Number of Pages: 378
Publication Date: March 21, 2016
Rating: out of 5
OBC Rating: 3 out of 4 stars
Themes: Respect, Loyalty, Standing Up for Yourself
To Learn More About the Book, Click: The 11:05 Murders on OBC Bookshelves
*This was part of the OnlineBookClub.org Book of the Day Program*
At exactly 11:05pm, mysterious murders are being taken place. The question is why are these murders being taken place? What significance does 11:05pm have?
It is up to Sergeant Denise Stewart and the rest of the police force in her unit to determine what is happening before the next murder happens. But, when Stewart acquires a stalker, a secret informant, and opens the doors to a crime committed twelve years ago, the mystery thickens the plot.
Though this the second installment of The Inspector Sheehan Mysteries series, it can easily be read as a standalone.
The read, as a whole, was enjoyable from start to finish. It was one that could keep you reading page after page without realizing how many pages you’ve actually read. The protagonists were likable; I especially like how strong Sergeant Stewart is throughout the read. Even when she was ridiculed, unable to trust others, and then placed in a dangerous situation, Denise was strong and none of that deterred her from wanting to be in her ideal profession – a police officer. This send a very positive message to many out there, especially, she is very successful in her position.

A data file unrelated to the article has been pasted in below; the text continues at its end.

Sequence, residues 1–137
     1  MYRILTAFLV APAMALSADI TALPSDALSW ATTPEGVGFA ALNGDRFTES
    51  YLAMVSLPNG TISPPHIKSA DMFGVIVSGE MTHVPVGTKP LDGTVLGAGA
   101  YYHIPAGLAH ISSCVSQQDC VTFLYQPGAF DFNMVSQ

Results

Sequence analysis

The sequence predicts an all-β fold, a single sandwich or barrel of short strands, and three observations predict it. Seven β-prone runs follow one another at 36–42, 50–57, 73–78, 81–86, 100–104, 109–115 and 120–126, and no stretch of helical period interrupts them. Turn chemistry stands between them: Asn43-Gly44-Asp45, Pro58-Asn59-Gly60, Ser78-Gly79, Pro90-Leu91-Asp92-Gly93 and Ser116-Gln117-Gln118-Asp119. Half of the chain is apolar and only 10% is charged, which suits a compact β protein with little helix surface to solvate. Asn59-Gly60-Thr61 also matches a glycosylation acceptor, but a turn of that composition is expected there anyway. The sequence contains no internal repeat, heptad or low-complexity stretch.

While reading, the author gives an inside look at the unpleasantness of what it means to be in law enforcement. Life isn’t always easy and is, at times, dangerous. Unfortunately, there are unstable people out there that commit crimes and someone has to deal with it.
Though the plot was interesting, there were some aspects that were obvious. For instance, the murderer was easy to determine from almost the beginning. There were one or two times that I questioned it, but as time passed, the murderer’s identity became clear. Also, I found the reason behind the murders obvious, as the author gives a pretty gruesome scene right from the beginning and gives some hints along the way.
For the most part, this read lacked on character development. The main character, Denise, seems like a woman who knows what she wants, she is determined to be treated like everyone else. However, though I knew how her storyline would end, I must say I was disappointed how unrealistic it seemed on fast she recovers from a pretty traumatic experience. In addition, I still found myself confusing some of the secondary characters toward the end, which was a bit frustrating.
As a warning: There are several gruesome and explicit scenes of murder and rape. Therefore, this book is not recommended to younger audience.
Overall, the read was enjoyable and was easy to get through. The author did leave some unanswered questions, so I wonder if there will be a third in the series.